Free Agency 101: An Intro to Contracts

Veteran free agency is fast approaching and many fans are dreaming of the star players their favorite team will hopefully acquire. Once the free agency bell has rung, reports will begin trickling in about Player A getting this contract and Player B getting that contract. In the end, every top player wants to be the highest paid player at their position. That’s a simple fact of life. Every agent will tell teams, or if it’s Drew Rosenhaus, anyone who will listen, why their player deserves to be the highest paid player at their position. Every GM will delicately tell the player’s agent why that’s not entirely true. Negotiating an NFL contract is a very nuanced dance indeed. Toeing the line between value and need. Hoping to maintain the delicate balance while not allowing everything to come crashing down.

While I do not have any actual experience negotiating an NFL contract, I’ve diligently tracked free agency and have seen how different contracts affect the salary cap. So let me give you a little insight into Free Agency 101: An Intro to Contracts.

Just as a precursor, NFL contracts are not like the contracts in the other major sports. NBA and MLB contracts are fully guaranteed, as in the number you see is the number they get. NFL contracts are not fully guaranteed, which is why most agents and some analysts focus on getting the most guaranteed money possible in the form of signing bonuses and guaranteed years. For ease and clarity, I won’t be discussing roster or performance bonuses in this article.

The way a contract is negotiated has a direct relation to its salary cap implications. As a general matter, Signing Bonuses are not counted in full against the salary cap. To determine how a signing bonus affects the salary cap, the value of the signing bonus is divided by the term (number of years) of the contract. This is called the “pro-rated” or average signing bonus,” and it plays a larger role in negotiations than one may think. Each year the pro-rated signing bonus is applied to the salary cap, unless the player is released. In that case, the remainder of the pro-rated signing bonus is accelerated to the next year’s salary cap.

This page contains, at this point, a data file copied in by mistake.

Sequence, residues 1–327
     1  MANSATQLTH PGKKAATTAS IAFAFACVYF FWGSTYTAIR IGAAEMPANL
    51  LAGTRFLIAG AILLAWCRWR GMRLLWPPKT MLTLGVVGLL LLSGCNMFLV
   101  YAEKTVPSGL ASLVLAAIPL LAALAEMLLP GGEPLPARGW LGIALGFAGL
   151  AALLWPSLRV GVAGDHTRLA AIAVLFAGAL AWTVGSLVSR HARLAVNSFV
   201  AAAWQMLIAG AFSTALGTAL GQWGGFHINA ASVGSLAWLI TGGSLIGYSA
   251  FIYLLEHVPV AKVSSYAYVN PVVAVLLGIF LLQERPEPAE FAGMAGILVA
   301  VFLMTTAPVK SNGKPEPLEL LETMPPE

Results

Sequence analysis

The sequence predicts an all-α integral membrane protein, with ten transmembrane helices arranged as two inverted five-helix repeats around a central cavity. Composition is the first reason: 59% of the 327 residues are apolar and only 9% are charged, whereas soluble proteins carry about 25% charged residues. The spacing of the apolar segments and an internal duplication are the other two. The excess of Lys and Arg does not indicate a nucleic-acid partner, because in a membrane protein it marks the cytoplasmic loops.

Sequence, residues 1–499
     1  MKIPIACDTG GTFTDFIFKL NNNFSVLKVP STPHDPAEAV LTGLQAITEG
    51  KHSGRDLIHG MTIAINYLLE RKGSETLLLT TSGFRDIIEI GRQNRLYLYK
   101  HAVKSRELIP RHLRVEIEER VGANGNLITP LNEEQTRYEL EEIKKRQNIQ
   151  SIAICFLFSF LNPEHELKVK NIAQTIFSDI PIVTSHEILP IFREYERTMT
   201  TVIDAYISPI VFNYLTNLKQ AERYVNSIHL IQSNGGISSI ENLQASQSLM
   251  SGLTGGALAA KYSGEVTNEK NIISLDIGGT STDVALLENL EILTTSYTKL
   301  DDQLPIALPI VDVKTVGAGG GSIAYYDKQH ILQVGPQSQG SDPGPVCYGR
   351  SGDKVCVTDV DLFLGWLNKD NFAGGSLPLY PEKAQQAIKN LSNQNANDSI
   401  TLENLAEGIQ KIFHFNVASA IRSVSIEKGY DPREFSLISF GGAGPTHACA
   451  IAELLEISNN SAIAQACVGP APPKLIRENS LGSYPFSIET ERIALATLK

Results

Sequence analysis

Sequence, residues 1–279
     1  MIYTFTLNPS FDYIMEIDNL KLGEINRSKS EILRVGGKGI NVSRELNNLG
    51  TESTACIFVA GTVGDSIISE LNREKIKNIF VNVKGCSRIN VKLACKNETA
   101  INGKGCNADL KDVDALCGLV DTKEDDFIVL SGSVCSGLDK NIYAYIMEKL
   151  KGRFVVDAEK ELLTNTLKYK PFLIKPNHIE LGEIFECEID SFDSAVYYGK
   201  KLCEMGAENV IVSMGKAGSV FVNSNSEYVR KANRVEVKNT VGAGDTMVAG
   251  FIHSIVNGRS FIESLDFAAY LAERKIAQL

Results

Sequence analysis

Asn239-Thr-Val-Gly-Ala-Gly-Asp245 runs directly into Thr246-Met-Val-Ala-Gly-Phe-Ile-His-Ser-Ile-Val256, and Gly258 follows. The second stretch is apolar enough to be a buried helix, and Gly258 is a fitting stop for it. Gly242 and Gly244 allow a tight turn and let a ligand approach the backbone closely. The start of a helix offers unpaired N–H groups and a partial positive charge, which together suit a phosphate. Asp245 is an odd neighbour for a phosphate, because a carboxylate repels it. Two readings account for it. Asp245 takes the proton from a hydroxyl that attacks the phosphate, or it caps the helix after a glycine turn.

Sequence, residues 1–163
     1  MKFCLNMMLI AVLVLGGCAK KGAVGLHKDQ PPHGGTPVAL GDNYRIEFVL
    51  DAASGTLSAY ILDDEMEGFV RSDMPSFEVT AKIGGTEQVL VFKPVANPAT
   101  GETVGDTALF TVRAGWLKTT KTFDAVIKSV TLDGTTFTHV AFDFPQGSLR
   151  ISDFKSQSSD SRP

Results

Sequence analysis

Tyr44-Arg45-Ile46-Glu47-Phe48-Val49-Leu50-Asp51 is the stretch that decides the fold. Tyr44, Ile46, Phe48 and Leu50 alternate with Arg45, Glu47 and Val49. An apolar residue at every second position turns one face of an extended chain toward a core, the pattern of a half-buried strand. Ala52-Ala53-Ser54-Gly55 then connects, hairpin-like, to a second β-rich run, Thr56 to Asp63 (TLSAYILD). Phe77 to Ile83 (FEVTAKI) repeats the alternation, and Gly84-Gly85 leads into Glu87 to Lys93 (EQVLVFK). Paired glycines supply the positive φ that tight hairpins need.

Base Salaries count entirely against the cap if the player is on the team’s roster at the beginning of the “league year,” which usually is marked by the start of veteran free agency. Some Base Salaries become fully guaranteed after a certain date, but again for ease and clarity, that won’t be dealt with in this article.

In this example, we have three players, Player A, Player B and Player C. Each player is of equal value and will command the exact same amount of money over the same period of years, i.e., the same “average” salary. For sake of argument, let’s assume it’s a 4 year contract worth about $40 Million, so an average of $10 Million per year, with $20 Million guaranteed. While each agent and most media outlets will only report the “average” yearly value and guaranteed money of each contract, each player’s contract will be negotiated slightly differently and the way their salary cap “hit” is calculated differently as well. Also, each team will have ample cap room their first two years but be up against the salary cap after year two so each player will be released after the second year of their contract.

Player A: The Big Signing Bonus with Gradually Increasing Base Salaries

The agent for Player A negotiates Player A’s contract so Player A receives a $16 Million signing bonus and the following base salaries:
Year 1: $2 Million (fully guaranteed)
Year 2: $4 Million ($2 Million guaranteed)
Year 3: $8 Million
Year 4: $10 Million

Added together, Player A gets the $40 Million contract with $20 Million guaranteed that he’s always dreamed about. However, it’s highly unlikely Player A will actually see all of that money. Using the formula mentioned earlier, the pro-rated signing bonus would be $4 Million per year added to the salary cap on top of the base salary.

The Salary Cap hits for Player A would be:
Year 1: $2M Base + $4M Signing Bonus = $6 Million Cap Hit
Year 2: $4M Base + $4M Signing Bonus =$8 Million Cap Hit
Year 3: $8M Base + $4M Signing Bonus =$12 Million Cap Hit
Year 4: $10M Base + $4M Signing Bonus =$14 Million Cap Hit